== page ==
I’m not saying that we’re heading in the same direction as Rome. I actually think we’ve already charted a different course. But like the ancient Romans, our Republic is dead—it has been dead a long time. And like the ancient Romans, we’re just starting to notice.
In my estimation, the American Republic died one hundred and fifty years ago during the Civil War when Lincoln established the IRS. Out of the ashes of our Republic rose the American Bureaucracy, which shepherded us through the process of becoming a superpower.
Continue reading this one HERE>
Muslims Whine: Anti-Terror Device That Spays Pig Blood on Attackers is ‘Deeply Offensive’
Some wag of an inventor in the U.S. has created what he calls an “anti-terror device” that when triggered sprays pigs blood on attackers. But now several Muslim groups are whining that the device is “deeply offensive” to their religion. Yeah… I think that is the idea!
Tampa, Florida inventor Franklin R Lacy invented the device to scare off terrorists who, being Muslim, might be afraid to get sprayed with pig blood since pigs are deemed “unclean” in Islam.
Naturally, Muslims are furious over the device…
He has applied for a patent on a “system for protecting against terrorist and illegal invasion” which cruelly exploits the Islamic ban on eating or even handling pork.
The inventor’s previous work includes a beverage heater, fudge warmer and a windshield for a boat.
He learned of the strict Islamic laws on pig blood during “extensive travels” in the Middle East.
His invention involves placing containers of clearly labelled pig blood in sensitive areas, in the hope suicide attackers would avoid detonating a bomb nearby for fear of getting covered in it.
…”It will keep suicide bombers from blowing themselves up near the container of pig blood because they believe that they would be guaranteed not to go to heaven,” Lacy wrote.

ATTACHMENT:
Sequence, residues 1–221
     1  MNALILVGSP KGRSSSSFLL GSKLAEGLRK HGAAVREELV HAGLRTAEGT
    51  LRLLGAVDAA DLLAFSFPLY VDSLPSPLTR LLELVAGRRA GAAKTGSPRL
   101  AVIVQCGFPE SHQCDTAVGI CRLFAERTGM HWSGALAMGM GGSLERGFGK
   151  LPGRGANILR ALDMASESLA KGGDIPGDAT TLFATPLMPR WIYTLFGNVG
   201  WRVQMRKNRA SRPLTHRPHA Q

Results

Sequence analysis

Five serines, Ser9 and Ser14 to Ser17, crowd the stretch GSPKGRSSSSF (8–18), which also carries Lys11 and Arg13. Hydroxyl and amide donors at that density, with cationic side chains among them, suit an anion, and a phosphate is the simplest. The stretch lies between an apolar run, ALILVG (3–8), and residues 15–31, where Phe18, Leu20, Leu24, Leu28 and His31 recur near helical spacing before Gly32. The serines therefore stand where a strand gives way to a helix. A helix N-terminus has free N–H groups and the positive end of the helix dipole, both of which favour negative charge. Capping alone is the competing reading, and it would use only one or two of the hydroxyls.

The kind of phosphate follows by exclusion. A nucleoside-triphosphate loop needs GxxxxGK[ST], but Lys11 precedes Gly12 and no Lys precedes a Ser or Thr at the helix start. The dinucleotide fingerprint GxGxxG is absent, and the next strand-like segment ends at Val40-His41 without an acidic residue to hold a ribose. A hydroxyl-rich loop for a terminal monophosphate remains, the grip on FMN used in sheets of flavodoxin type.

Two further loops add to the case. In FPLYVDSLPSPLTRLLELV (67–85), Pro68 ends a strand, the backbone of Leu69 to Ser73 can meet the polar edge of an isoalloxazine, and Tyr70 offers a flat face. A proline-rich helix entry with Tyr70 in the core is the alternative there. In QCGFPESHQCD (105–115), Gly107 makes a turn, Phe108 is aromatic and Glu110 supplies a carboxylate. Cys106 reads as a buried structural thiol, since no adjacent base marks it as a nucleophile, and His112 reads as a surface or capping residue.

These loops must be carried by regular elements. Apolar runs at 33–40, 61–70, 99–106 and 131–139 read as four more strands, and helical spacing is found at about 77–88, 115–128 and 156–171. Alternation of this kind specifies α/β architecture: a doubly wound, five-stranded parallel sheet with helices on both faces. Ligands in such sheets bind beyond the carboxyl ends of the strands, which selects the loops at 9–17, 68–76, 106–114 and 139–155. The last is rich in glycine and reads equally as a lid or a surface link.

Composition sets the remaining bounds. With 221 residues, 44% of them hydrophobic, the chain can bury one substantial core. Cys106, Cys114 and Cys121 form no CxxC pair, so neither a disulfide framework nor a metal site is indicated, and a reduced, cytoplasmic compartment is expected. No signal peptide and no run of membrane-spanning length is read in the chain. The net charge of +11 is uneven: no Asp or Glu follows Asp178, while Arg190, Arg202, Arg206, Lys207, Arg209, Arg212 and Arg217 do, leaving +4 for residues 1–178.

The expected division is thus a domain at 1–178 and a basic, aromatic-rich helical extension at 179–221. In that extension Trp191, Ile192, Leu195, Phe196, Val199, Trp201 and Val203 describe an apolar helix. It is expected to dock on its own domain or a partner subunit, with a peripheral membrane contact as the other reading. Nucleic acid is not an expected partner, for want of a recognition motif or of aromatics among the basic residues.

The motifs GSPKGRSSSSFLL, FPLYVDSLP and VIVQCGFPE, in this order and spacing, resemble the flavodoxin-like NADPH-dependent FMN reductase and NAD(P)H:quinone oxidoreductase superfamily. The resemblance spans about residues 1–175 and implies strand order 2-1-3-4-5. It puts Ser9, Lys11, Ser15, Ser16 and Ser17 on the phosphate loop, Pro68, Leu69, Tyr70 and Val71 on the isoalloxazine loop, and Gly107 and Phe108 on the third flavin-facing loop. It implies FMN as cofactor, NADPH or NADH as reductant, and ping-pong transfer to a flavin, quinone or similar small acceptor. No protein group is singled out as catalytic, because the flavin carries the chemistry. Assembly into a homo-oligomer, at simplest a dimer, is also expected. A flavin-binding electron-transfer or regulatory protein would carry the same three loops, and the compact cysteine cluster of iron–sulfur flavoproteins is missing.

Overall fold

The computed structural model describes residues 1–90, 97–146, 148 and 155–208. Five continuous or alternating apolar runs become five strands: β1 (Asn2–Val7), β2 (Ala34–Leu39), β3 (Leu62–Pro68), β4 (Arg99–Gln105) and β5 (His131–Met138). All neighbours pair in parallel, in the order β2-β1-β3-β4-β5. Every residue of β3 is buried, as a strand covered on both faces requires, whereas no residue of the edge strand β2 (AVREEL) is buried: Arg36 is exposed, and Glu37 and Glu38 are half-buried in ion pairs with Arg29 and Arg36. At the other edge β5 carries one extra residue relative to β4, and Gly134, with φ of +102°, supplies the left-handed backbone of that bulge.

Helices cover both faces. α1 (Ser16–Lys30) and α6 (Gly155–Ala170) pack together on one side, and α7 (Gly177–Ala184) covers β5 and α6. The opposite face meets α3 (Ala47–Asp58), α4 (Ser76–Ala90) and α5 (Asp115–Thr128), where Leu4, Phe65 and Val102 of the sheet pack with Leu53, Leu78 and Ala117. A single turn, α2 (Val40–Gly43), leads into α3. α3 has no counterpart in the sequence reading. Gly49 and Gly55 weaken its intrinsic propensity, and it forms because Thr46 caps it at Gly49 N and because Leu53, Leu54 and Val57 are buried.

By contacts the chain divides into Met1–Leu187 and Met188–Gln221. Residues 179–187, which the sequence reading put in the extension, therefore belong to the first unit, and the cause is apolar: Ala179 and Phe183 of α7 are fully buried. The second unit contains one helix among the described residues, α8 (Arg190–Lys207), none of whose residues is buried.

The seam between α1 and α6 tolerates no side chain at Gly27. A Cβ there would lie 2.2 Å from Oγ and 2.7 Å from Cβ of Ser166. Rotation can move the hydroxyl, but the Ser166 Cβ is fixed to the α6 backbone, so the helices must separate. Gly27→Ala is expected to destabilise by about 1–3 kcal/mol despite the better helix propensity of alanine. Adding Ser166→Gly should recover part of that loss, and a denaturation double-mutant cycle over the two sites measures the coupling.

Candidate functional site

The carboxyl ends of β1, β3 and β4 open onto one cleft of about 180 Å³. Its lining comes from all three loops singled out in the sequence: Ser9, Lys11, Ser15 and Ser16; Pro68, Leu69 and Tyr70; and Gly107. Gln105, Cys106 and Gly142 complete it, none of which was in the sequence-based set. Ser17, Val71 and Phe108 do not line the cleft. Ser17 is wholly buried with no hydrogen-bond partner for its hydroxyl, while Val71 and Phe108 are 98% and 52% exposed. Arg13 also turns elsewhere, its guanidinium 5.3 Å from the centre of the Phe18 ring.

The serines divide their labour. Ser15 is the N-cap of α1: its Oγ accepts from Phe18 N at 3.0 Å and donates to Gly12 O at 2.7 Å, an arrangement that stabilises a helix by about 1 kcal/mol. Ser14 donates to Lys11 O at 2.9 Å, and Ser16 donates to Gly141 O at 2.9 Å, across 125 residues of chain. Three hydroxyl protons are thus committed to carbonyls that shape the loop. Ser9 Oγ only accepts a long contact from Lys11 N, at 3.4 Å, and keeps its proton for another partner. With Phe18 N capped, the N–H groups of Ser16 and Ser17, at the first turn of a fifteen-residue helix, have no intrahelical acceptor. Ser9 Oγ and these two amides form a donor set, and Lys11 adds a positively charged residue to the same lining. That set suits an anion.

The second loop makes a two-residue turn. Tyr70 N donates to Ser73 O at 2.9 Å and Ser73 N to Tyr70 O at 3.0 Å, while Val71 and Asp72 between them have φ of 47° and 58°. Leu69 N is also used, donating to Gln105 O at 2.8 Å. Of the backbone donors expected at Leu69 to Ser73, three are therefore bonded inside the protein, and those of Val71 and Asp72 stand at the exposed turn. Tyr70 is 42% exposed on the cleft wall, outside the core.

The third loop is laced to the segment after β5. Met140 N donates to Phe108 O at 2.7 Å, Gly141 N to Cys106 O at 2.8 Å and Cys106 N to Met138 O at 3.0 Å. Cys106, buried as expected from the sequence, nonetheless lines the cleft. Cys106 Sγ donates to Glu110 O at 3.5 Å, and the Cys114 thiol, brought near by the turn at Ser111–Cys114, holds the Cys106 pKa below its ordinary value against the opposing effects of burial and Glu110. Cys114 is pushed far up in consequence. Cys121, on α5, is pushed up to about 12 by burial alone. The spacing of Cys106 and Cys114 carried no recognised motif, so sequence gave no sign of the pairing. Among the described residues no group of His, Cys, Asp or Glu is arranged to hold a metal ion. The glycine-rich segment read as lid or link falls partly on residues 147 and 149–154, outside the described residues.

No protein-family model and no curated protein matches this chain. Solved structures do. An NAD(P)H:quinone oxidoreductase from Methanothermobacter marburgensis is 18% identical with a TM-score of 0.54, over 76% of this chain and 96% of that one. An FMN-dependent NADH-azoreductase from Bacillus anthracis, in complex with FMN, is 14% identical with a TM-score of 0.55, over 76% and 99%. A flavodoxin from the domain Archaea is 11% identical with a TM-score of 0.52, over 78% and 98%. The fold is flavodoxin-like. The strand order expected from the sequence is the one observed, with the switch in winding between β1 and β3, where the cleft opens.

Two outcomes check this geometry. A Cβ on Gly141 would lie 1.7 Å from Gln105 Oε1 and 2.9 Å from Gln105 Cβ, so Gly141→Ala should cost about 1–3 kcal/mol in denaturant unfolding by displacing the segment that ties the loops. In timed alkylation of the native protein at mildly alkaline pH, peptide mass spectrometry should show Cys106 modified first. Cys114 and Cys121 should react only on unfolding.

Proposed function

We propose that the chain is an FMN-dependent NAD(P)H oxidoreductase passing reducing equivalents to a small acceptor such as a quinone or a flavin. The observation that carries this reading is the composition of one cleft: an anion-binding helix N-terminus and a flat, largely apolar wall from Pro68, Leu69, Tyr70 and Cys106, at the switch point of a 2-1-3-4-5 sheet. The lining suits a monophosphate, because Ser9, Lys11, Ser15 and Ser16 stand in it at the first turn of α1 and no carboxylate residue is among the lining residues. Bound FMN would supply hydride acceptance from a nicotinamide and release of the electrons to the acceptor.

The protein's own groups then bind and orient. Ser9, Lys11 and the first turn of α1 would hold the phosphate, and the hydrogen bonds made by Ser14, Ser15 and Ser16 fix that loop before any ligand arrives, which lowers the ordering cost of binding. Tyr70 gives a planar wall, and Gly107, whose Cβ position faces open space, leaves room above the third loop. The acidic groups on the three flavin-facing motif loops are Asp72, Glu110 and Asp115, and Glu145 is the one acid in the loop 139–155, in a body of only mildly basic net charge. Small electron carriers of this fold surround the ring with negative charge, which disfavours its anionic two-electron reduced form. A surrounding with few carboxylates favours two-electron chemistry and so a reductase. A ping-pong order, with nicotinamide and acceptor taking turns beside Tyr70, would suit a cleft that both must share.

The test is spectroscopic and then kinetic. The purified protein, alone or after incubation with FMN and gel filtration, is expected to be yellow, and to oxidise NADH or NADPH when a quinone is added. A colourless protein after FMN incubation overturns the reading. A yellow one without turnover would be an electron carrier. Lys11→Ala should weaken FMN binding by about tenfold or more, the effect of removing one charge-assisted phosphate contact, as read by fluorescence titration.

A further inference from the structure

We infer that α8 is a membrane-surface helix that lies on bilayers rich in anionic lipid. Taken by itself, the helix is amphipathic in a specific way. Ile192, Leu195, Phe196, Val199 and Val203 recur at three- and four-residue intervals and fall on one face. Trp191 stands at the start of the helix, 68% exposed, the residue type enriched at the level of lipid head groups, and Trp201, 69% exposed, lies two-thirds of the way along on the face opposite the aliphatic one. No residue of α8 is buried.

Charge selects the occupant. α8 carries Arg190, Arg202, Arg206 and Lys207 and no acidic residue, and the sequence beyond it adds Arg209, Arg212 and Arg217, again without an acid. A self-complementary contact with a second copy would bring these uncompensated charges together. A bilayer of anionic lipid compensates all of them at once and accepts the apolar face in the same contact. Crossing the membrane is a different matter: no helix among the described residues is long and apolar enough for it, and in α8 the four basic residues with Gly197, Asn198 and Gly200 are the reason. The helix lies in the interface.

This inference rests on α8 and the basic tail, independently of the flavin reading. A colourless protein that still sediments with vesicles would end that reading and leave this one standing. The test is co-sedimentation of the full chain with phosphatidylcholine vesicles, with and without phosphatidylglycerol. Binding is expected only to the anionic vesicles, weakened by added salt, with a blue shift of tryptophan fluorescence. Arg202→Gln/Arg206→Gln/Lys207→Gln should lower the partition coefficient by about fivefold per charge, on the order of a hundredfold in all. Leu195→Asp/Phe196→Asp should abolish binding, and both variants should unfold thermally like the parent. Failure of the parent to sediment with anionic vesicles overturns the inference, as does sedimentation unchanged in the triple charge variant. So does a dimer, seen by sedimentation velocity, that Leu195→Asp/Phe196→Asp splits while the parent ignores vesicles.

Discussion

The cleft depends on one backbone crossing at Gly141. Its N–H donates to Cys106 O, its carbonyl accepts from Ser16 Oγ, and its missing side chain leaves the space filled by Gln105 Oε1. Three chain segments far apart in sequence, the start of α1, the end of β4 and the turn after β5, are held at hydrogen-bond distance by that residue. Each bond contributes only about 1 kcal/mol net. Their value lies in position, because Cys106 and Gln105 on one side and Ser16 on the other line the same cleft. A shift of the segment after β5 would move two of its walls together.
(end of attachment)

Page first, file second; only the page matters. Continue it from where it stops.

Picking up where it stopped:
…Fiyaz Mughal, director of the interfaith group Faith Matters, said the device has “been created by someone who seeks to humiliate specific faiths”.
“The patent is particularly troubling if used against Jews or Muslims, because it would be deeply offensive and insulting to their faith and beliefs,” Mughal continued.
“It also means that such a product could foment community tensions and so this is very troubling indeed. One has to wonder about the mindset of someone producing such a product.”
So, here’s an idea for Muslims afraid of this device, DON’T go around trying to blow something up!
Yeah it is a finger stuck in the eye of Muslims, granted. But here’s the thing. It wouldn’t really be effective. After all, Muslims have no supposedly religious principle that they won’t ignore so they can continue killing people. If these devices become widespread leading to Muslims being prevented from killing people, all the Muslims will do is proclaim a religious exemption for bombers getting doused with pigs blood. Then they could go right back to murdering as many people as possible, pigs blood or not.
In the end, using pig parts to try and prevent Muslim violence wouldn’t do a thing to stop them.